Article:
Next on the agenda came, wait for it now, hold your breath – you ready? The uniform! I was sent to the uniform store down on Hennepin Avenue and North Third Street in downtown Minneapolis. When I get there, I’m expecting to get the ugly grey shirts and slacks, but turns out I was to be the poster boy for the new county uniform which was tan shirt with brown epaulets and pocket tabs. The pants were dark brown and we hat hate with badges.
This picture shows the majority of us in the new uniform. I’m in the back row, second from left in short sleeve shirt. George Nass is in the front row, far right in a suit.
As you can probably tell, I was the youngest man on the crew. They were a great bunch of guys.
Another interesting point about this picture is that we were posing in front of the old ambulance garage with the bi-fold doors. Wasn’t too long after this picture was taken, the county moved us to the old city morgue, three blocks away from the hospital while a new emergency room and garage were constructed. Ever sat down for a meal decked out on a post-mortem table? I have – it’s creepy at first.
This brings to mind a case I was involved with. I believe it was on a Saturday, around noon when we got a call to the Augsburg Publishing building on 4th and Portland, as I recall. As was usual for many calls, we didn’t really know what we were actually going to, but they wanted us Code 3 – lights and siren. As I was eating my lunch, tuna salad sandwich, I shoved the remainder of it in my mouth, and rushed out the door chewing as I went.
After a short few blocks, we arrived on scene to be met by the Fire Department Rescue Squad. As we started to grab our medical bag and stretcher, a firefighter stopped us saying, “DOA (Dead On Arrival), you won’t need those.” He then led us down to the basement, and into a room where there was blood all over the floor. The source of the blood appeared to be a machine attached to a chute from the floor above.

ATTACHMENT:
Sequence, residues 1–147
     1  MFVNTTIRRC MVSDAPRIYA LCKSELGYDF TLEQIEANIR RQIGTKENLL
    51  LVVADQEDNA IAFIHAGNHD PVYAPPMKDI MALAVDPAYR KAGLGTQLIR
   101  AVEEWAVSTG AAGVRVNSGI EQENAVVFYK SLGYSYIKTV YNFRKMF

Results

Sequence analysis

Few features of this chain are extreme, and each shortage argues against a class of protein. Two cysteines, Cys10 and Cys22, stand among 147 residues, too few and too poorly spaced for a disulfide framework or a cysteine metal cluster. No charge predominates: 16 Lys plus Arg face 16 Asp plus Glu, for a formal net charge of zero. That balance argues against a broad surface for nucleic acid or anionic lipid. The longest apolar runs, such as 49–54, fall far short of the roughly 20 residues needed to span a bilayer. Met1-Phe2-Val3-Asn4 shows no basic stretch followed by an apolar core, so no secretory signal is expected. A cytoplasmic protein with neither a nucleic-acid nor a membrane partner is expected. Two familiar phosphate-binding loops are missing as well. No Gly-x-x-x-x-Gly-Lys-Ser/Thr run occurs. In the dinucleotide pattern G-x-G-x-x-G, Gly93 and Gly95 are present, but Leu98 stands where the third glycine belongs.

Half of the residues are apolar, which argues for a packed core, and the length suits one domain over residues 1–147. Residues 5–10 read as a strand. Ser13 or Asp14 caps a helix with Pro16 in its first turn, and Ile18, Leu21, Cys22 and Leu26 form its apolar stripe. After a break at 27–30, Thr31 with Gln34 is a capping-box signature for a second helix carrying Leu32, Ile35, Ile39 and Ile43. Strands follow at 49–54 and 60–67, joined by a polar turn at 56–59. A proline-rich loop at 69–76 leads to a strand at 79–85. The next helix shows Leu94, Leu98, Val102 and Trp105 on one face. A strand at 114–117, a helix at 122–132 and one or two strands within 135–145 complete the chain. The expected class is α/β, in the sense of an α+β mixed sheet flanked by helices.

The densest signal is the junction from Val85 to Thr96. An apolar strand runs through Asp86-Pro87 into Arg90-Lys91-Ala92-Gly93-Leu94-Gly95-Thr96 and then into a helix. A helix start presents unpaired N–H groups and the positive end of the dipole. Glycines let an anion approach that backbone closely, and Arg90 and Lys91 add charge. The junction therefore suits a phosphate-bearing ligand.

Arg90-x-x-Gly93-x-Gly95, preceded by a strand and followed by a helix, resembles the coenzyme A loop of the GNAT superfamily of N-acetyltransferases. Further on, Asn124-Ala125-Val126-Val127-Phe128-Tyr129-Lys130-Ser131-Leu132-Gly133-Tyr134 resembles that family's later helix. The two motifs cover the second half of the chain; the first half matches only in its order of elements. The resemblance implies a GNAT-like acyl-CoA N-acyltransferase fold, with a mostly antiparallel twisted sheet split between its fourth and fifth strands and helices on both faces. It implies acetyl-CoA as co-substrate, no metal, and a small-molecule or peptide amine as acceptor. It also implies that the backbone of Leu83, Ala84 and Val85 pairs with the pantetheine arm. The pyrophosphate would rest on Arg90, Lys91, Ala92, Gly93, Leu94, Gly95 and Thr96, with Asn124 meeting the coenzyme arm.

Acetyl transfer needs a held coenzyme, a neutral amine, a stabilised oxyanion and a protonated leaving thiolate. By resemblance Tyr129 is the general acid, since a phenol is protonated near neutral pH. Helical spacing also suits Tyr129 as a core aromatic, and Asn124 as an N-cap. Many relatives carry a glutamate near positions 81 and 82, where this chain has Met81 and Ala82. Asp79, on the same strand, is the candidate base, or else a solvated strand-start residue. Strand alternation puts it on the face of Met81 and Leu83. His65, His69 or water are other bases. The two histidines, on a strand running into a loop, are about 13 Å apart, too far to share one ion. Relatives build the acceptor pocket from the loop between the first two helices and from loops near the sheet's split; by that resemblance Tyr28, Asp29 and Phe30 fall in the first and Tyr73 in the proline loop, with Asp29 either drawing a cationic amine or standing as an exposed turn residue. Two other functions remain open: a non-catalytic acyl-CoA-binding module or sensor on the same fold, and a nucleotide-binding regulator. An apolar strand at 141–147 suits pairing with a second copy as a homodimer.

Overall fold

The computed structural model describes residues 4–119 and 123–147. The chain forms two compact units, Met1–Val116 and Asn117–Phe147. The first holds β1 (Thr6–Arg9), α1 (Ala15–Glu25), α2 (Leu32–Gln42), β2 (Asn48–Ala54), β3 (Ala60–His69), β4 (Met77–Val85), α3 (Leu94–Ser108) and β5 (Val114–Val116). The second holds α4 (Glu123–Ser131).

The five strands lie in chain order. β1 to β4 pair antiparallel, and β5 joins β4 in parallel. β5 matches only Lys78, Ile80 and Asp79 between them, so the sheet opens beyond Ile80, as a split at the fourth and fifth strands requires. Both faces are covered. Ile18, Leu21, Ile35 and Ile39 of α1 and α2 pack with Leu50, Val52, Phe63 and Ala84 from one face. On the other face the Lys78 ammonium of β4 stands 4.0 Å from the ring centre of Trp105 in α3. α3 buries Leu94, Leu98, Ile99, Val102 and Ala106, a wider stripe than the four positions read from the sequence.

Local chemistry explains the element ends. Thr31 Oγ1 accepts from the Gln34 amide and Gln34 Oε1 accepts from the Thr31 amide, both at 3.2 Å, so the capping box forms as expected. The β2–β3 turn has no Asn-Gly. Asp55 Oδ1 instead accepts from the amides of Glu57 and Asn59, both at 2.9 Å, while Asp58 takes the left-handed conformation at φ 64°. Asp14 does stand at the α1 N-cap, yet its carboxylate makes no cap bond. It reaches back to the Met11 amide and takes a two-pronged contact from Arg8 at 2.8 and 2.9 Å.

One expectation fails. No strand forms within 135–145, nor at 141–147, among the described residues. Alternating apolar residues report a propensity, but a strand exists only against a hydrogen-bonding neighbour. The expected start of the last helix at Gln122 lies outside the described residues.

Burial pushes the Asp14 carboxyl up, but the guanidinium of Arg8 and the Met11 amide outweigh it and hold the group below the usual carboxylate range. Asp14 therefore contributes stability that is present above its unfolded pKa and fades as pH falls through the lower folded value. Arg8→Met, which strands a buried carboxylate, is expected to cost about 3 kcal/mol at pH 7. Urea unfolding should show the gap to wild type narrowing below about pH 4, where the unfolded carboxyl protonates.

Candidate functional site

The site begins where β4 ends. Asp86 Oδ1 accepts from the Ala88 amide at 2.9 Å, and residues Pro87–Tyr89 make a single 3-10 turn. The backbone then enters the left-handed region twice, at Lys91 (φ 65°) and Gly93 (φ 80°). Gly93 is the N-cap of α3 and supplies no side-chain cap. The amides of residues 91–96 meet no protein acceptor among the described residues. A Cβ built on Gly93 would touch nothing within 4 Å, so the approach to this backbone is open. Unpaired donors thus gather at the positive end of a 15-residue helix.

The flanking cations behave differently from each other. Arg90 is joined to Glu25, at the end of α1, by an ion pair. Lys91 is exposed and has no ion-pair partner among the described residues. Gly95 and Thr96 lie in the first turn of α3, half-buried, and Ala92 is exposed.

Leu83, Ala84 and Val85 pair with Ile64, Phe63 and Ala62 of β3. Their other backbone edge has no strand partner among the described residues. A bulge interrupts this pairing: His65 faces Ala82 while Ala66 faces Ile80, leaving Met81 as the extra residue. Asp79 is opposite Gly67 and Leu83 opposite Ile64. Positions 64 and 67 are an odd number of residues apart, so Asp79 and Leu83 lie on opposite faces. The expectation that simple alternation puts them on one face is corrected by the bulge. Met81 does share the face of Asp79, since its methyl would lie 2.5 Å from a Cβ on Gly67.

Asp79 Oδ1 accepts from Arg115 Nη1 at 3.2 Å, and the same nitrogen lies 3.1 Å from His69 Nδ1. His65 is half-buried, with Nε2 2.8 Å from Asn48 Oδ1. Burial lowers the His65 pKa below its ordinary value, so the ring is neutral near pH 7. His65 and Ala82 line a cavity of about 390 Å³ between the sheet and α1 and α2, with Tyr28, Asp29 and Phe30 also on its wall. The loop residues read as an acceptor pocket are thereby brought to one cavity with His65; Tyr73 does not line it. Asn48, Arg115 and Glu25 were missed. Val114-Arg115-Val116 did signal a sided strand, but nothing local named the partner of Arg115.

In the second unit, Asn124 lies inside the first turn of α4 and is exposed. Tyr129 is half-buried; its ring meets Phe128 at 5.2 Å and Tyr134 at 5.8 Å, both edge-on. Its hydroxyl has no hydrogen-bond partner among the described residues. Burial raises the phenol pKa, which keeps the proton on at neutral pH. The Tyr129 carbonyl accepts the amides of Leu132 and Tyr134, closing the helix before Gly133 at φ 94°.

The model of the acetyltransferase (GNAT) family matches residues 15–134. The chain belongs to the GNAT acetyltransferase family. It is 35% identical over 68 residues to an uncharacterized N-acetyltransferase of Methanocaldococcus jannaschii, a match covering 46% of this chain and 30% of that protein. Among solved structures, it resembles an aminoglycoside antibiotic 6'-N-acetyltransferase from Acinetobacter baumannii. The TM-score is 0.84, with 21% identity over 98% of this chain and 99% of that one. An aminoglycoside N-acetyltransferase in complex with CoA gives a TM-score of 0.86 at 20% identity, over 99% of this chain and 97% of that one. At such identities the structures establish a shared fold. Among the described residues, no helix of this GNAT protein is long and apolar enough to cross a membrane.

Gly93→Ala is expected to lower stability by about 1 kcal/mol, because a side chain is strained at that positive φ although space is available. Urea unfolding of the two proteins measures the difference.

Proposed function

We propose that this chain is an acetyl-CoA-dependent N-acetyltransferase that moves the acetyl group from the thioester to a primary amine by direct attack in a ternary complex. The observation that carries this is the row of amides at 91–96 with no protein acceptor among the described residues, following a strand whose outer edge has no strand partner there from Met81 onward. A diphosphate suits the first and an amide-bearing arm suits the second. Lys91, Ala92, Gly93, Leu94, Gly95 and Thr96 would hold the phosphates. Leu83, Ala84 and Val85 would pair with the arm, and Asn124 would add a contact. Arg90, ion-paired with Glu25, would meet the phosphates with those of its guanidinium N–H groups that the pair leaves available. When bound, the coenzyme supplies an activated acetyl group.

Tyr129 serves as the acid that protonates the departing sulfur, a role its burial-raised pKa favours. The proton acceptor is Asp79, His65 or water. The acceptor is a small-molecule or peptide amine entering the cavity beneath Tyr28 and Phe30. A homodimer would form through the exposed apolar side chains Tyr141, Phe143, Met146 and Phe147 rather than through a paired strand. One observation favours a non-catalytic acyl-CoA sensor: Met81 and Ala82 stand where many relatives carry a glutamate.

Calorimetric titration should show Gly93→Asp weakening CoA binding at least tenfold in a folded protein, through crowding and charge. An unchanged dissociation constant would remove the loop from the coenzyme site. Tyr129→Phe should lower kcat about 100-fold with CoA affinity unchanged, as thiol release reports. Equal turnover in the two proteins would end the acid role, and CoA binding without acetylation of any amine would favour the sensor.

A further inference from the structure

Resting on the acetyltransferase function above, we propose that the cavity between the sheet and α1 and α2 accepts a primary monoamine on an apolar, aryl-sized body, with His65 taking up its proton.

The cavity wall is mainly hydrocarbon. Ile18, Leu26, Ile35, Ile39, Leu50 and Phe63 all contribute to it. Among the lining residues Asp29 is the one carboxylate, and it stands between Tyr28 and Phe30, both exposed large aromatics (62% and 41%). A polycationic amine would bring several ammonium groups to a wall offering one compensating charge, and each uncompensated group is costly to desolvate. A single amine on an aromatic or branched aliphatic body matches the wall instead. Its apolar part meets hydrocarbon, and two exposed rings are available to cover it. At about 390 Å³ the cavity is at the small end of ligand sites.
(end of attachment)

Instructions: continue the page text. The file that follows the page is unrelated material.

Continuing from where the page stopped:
As we entered the room, a second firefighter looked at me, and asked what I was chewing, I said a tuna sandwich. He threw up – not sure whether it was the scene or the sandwich. I swallowed, and followed the other firefighter to the machine which turned out to be a baling machine. The chute carried paper trimmings from the printing shop on the first floor to the baler which baled it then, by use of claw like grabbers, the bale was forced out to be manually removed, and stacked.
Apparently, what had happened was the missing man became entangled in the baler, and baled. No one ever figured out how it happened but he was baled then torn to shreds by the claws which were trying to force “his” bale out when his body became stuck. Obviously, there was nothing we could do for the poor guy, and we couldn’t remove the body as it was a coroner’s case, so we left. We never did hear what caused this man’s death.
It’s important to remember that my experiences in EMS began in the 1960s – things were different back then. Training, equipment and support were almost stone age in comparison to 2016, but one thing will never change – humans. We are humans with emotions, strengths and weaknesses. We will see, and do things that will unsettle the average civilian, but what’s the alternative? Someone has to do it!